Ultimately, this is a lot of space for those who are already saddled with 1GB of RAM, the Facebook app works in the background getting notifications and stuff from your fan pages so you can’t power that down. I ejected Facebook app from my primary smartphone since it is just a browser for my timeline. It doesn’t do much beyond that.

I did explore the possibility of using a third-party app, which at best, did the same thing….feed me with lots of adverts right into my time line. But these are poor copies that duplicates the service via the mobile web app feed.

FB Paper 

Why would Facebook put out Paper (which is at best… a Flipboard clone)? Well the original Facebook app isn’t cool anymore. With Paper,  you have the ability to browse content outside of your Facebook network, which makes it a handy app to use on a day-to-day basis without looking at the same old Facebook timeline content.

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Paper borrows heavily from Google Now as it uses a card base system to feature content. To read more or dismiss a card, you only have to swipe it away. The old Facebook app was complicated and didn’t support swipe controls—it was designed to work just like the desktop browser based timeline and that was a dull move. The left to right and right to left swipe didn’t do much but for Paper, it does a hell of a lot more. The idea behind it is really to get people to use the app more often and NOT just to view their Facebook timeline so it is more useful.

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Paper also has the neat feature of tilt to pan any landscape picture using your accelerometer instead of you having to swipe left or right. There is also more emphasis on images than text so people get to see more within a content card as opposed to just headlines.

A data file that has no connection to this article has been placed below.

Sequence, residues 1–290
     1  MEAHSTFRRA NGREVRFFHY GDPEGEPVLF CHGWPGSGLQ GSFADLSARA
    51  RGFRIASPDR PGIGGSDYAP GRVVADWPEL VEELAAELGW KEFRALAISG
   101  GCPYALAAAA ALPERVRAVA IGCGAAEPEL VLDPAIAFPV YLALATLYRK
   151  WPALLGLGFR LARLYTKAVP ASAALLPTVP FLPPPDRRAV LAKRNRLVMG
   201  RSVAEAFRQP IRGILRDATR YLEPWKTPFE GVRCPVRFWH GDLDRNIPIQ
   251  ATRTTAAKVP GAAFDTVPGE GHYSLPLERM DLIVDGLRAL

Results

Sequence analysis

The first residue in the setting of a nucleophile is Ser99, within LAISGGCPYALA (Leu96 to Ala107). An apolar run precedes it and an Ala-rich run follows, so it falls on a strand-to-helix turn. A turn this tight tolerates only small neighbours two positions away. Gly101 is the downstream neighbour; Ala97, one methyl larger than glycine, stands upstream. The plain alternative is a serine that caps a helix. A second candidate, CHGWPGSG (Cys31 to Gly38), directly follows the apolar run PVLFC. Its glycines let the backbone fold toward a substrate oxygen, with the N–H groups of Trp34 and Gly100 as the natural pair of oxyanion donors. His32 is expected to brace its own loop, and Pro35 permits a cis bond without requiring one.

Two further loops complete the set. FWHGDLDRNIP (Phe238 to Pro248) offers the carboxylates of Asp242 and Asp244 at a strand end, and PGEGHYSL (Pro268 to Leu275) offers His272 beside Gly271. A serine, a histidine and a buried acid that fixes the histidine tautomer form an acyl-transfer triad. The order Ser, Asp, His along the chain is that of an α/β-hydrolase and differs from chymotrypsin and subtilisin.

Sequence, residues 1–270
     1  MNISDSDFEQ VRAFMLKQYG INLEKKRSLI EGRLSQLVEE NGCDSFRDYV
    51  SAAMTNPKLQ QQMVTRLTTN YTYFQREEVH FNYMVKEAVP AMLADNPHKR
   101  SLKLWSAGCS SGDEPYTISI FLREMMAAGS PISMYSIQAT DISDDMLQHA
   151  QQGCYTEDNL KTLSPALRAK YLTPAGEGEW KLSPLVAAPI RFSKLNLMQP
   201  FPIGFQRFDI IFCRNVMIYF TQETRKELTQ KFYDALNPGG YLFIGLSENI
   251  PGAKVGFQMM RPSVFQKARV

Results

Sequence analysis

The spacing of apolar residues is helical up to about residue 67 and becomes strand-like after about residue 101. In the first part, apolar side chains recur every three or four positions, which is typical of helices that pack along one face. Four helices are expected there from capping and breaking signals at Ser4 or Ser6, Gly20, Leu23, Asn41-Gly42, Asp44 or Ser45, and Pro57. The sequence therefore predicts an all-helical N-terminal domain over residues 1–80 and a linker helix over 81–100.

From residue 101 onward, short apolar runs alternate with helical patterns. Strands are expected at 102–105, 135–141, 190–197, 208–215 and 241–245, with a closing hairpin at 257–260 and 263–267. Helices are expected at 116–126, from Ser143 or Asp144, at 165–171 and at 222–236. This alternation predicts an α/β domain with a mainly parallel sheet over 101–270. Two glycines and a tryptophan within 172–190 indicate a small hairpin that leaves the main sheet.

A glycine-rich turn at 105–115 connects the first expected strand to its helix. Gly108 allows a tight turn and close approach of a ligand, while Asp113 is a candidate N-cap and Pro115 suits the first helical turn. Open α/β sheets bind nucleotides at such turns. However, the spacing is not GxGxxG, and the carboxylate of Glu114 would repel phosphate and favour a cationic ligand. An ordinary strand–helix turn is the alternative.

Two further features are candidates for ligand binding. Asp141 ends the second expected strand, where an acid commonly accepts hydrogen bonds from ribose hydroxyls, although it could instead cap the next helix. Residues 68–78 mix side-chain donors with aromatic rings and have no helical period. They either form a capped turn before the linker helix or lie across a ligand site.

Content and Control

Before you start using Facebook paper, you are given the freedom to customize your preferred content feed. These would be news items from various sources but for some reason of other, you cannot add your own content feed into the app.

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Content aggregation is probably one of the best places to start when you want to control advertising on apps. No more filler memes, nonsensical videos or borderline porn links posted on timelines as everyone will be digesting the same newsfeed on Paper. These kosher timeline feeds will make it far easier for Facebook to link advertising to them.

Second guessing a timeline post based on keywords can be a disaster for advertising so let’s not go there. Instead, put up an advert just like what Flipboard does within the content feed and you’d be safe.

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What’s more it also makes sharing of kosher content so much easier on mobile devices instead. For now, Flipboard does a damn good job in that department which Paper has to match.

Paper is sans advertising and I think this is the version that should not get updated. It just feels right without having tonnes of adverts pushed my way but if you look at how the App is designed, pushing adverts can already be done natively once the servers are switched on. Advertising cards can be inserted into content feeds and there is no opting out.

Paper’s Availability on Android

This will eventually come but it will be a while. Right now Facebook is testing the app on iOS and for good reason. Google has in recent times become a competitor in the content aggregation business with Google Play Newsstands replacing the Currents app as of November 2013. Newsstands app works just like Flipboard so you get to share any content link with any app on your Android device. Whereas the Google Newsstand app is heavy in content aggregation, Paper by comparison is much lighter and will appeal to those who just want to be entertained.

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Paper is probably the right direction for Facebook at least for now. Facebook has opened a new monetization channel with content aggregation, that is until you get bored with all the same news feed everyone is reading and junk it for Flipboard or Pulse. That said, Facebook’s Paper looks more like an app that would appeal to Hipsters—which is nothing more than a stop-gap measure to arrest declining revenue from a decade old service until the next big thing comes along.